New Jersey recorded the $551 million contribution for the 2005 fiscal year in a bond offering statement at the end of last year. The $56 million figure appeared in an audited financial statement for the fund.
Treasury officials said that everything had been done legally. But they confirmed in a recent interview that the correct amount for that year’s pension contribution was zero, which appeared in an actuarial report. They explained that the conflicting figures elsewhere had been inflated by other items, like health care contributions.
If New Jersey violated federal securities, tax or other rules, it could be forced to make up some of the contributions. The Internal Revenue Service has very specific rules against mixing pension money with money for other uses, like health care. Federal securities law also requires bond issuers to provide complete and accurate financial information.
The New Jersey Education Association has sued the state for failing to put enough money into the teachers’ pension fund. The lawsuit does not describe all the accounting maneuvers, but a State Superior Court judge has held that the case, now scheduled for trial in May, can proceed.
State law requires New Jersey’s seven pension plans, large and small, for various types of public employees, to be funded according to actuarial standards. Over the last decade, though, the Legislature has passed, and various governors have signed, a series of amendments to statutes that allow smaller contributions or none. These were justified by various maneuvers and approved with little scrutiny. In interviews, officials of the Treasury said the changes were made at the behest of the Legislature, while legislators faulted the Treasury.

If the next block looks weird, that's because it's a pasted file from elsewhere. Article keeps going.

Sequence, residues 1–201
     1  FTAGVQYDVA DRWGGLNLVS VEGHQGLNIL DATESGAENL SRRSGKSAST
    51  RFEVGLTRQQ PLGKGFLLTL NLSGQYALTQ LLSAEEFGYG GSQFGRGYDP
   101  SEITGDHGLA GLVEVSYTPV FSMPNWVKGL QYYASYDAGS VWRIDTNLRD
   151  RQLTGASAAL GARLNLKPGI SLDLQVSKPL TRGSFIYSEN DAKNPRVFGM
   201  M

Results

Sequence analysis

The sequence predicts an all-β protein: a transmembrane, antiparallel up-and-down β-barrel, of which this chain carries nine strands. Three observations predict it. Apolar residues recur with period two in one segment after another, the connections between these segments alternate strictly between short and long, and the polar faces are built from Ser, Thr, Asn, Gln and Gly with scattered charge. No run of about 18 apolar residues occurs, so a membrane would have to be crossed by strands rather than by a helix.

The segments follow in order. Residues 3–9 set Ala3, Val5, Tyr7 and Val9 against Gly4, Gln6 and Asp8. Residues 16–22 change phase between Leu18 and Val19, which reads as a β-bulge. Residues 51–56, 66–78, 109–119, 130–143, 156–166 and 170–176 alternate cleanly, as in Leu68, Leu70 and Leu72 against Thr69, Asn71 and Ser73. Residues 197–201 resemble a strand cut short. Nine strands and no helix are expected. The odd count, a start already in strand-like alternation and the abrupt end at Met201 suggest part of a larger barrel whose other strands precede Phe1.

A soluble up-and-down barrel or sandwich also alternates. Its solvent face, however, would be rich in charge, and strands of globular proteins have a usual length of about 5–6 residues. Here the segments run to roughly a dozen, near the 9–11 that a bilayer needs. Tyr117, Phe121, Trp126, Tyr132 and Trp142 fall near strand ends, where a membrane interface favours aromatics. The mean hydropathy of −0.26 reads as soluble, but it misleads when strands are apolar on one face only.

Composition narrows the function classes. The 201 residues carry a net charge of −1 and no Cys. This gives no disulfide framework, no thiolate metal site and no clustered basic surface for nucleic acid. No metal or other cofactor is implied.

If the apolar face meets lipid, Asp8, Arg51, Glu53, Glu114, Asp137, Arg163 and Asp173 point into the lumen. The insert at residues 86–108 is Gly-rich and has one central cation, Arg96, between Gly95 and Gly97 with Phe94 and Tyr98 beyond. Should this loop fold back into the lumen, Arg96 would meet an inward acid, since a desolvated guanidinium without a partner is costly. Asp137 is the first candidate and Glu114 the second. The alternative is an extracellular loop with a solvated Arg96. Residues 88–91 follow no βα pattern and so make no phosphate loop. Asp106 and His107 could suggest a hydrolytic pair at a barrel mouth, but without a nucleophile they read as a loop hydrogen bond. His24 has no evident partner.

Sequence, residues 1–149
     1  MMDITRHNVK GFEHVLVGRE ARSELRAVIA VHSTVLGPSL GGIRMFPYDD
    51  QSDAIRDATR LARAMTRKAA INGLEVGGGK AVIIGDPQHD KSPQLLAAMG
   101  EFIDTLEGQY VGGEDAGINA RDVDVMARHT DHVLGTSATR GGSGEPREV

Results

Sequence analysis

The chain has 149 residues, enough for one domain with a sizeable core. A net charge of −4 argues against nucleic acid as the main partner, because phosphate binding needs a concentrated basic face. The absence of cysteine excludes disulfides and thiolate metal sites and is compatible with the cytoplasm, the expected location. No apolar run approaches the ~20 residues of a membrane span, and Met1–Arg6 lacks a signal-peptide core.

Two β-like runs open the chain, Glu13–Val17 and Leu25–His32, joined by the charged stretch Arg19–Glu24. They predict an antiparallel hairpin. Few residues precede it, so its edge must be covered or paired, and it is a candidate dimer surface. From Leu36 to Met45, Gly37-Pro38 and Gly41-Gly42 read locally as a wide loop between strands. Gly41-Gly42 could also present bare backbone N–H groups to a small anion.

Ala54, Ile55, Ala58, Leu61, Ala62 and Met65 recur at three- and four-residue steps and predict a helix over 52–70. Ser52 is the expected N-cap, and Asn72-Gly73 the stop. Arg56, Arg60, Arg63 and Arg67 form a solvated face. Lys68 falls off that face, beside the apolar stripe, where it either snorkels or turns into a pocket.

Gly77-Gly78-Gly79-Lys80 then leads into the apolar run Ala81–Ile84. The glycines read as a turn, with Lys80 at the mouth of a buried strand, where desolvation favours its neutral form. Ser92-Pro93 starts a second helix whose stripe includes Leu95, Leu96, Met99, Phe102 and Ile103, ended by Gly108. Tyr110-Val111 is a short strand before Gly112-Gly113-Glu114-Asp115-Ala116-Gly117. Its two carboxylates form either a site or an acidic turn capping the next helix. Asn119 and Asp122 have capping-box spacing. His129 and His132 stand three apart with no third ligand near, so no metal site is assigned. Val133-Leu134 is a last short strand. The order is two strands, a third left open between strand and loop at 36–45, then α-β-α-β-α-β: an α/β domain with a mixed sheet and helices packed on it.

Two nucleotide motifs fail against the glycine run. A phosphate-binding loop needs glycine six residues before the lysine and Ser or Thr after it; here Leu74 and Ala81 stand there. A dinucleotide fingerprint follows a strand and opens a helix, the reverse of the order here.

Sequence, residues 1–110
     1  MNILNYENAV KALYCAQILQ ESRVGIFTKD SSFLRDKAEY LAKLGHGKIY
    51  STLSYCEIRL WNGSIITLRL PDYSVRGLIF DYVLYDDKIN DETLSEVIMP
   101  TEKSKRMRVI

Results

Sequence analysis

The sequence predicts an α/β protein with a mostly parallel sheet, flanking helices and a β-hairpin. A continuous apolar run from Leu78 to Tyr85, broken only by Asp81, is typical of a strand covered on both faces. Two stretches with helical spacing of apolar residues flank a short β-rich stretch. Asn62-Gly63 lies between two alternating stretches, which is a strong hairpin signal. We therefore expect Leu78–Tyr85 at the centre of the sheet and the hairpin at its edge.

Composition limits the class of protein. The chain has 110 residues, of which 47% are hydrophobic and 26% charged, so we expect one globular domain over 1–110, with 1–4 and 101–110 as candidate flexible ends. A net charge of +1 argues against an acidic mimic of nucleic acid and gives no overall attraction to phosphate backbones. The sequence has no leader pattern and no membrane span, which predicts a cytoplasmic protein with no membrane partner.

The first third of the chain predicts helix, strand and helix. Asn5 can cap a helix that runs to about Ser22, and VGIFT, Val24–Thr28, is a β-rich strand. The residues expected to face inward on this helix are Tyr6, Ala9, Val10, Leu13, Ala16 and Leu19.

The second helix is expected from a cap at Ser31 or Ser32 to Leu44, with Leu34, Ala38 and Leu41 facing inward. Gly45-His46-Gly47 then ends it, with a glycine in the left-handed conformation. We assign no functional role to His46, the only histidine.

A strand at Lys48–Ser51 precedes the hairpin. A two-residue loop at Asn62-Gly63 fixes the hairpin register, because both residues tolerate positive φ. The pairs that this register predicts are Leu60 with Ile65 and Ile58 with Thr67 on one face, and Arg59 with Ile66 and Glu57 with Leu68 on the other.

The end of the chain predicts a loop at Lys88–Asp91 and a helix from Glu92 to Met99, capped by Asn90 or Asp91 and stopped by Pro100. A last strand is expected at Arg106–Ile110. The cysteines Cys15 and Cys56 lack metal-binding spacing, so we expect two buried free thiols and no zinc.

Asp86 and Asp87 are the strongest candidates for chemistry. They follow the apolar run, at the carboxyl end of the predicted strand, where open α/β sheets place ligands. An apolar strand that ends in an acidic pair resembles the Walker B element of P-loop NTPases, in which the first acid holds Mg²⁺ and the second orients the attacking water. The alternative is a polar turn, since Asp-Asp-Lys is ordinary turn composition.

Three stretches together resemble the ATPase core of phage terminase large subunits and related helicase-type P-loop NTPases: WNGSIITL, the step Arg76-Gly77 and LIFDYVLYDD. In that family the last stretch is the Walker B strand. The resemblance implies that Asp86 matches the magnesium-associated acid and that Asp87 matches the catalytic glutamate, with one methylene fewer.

Donald T. DiFrancesco, the acting governor in 2001, when the Legislature approved an expensive pension increase for teachers and other state employees, said he recalled that “people thought it was good public policy,” devised to attract the best people. He said he did not think the measure was considered financially unsound and did not recall anyone challenging it or calling it improper.
The state’s practices have nevertheless left its retirement system in a much more perilous condition than is widely understood.
“If people ran their households like this, they’d be in bankruptcy,” said Lynn E. Turner, a former chief accountant for the Securities and Exchange Commission. “If businesses did, the best example is the old steel mills when they got so far behind and didn’t fund their pensions as they should have. It tipped them into bankruptcy.”
A Governor Seeks Changes